The Cost Of Extending Unemployment Benefits: $100,000 Per Job Created


“Weighing benefits against costs is the way most people make decisions – and the way most businesses make decisions, if they want to stay in business. Only in government is any benefit, however small, considered to be worth any cost, however large.” –Thomas Sowell

When it comes to unemployment insurance, we’ve always tried to balance the idea of helping people who’ve just lost a job with a recognition that giving people unemployment insurance significantly reduces their motivation to find a job. That latter concern now seems to be treated as irrelevant and we seem to be on course to: continue unemployment payouts to debfinity and beyond

Today, the Congressional Budget Office released a report informing readers that extending unemployment benefits for a year, an outlay which would cost the federal government $30 billion, would, because of its allegedly stimulative impact, generate 300,000 jobs.

Even if true, neither the CBO, nor the Associated Press in covering the report, noted that this result works out to a cost $100,000 per job. Bravely assuming that each new job created pays $40,000 per year, that’s a $60,000 loss in value received compared to money spent. The government’s tax take at all levels on that amount of earnings is likely about $10,000 or so. All of this is apparently considered pretty smart by the AP’s Sam Hananel and a quoted leading Democrat:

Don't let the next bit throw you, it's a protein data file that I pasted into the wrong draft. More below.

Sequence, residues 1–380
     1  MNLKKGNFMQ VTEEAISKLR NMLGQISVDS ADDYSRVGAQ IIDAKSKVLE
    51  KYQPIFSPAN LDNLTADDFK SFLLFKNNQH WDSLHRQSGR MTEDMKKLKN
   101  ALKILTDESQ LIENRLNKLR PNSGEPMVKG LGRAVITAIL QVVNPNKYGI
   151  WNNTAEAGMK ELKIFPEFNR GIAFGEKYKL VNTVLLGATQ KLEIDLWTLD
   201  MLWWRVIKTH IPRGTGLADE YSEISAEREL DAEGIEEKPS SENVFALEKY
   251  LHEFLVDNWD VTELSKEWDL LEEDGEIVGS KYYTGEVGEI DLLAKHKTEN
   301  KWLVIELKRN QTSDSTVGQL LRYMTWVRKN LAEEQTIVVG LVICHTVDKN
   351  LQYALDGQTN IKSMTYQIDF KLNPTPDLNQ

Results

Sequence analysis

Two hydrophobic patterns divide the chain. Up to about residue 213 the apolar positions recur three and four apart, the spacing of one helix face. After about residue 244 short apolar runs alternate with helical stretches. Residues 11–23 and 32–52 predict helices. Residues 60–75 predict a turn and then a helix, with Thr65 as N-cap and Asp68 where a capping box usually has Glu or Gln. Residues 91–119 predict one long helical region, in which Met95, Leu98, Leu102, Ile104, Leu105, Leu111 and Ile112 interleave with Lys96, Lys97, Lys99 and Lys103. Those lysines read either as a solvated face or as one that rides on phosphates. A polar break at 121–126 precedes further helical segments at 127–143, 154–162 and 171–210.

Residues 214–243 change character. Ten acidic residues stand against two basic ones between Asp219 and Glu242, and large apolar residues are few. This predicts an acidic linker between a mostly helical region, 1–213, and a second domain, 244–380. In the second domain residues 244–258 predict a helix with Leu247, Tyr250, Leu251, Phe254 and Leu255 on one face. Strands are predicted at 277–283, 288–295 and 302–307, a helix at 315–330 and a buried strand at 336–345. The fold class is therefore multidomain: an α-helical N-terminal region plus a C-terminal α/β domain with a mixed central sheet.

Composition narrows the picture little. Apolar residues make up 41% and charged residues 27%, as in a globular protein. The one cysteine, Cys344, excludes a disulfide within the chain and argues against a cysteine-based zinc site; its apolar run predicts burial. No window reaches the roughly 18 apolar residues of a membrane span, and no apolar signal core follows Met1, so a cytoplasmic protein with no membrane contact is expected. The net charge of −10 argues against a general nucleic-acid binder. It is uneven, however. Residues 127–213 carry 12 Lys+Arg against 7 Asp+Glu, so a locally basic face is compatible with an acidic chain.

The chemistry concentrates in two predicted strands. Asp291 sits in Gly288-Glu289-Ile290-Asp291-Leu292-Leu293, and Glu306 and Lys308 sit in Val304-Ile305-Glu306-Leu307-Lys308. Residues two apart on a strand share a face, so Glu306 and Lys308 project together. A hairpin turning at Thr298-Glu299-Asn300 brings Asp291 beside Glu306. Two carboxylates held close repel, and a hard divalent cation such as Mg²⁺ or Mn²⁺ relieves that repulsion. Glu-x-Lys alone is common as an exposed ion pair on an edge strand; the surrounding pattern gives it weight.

REPORT: EXTENDING JOBLESS BENEFITS CREATES JOBS

Extending the current level of long-term unemployment benefits for another year would add 300,000 jobs to the economy, according to a report from the Congressional Budget Office.
The analysis released Wednesday from the nonpartisan office estimates that keeping jobless benefits would cost the government $30 billion. But it would also lead to more spending by the unemployed, boosting demand for goods and services and creating new jobs.

Federal long-term unemployment benefits are set to expire on Dec. 29 for more than 2 million workers unless Congress approves an extension. Democrats have called for reauthorization of extended benefits, but Republicans generally oppose more jobless aid without additional spending cuts to offset the cost.

“This report is more evidence that extending help to those who are seeking work is a better investment for our economy than extending tax breaks for those resting comfortably atop the economic ladder,” said Rep. Lloyd Doggett, D-Texas, a member of the House Ways and Means Committee.

It’s bad enough that they want to keep long term unemployment benefits going indefinitely, but trying to convince us that it’s actually a good thing is insulting to our intelligence.

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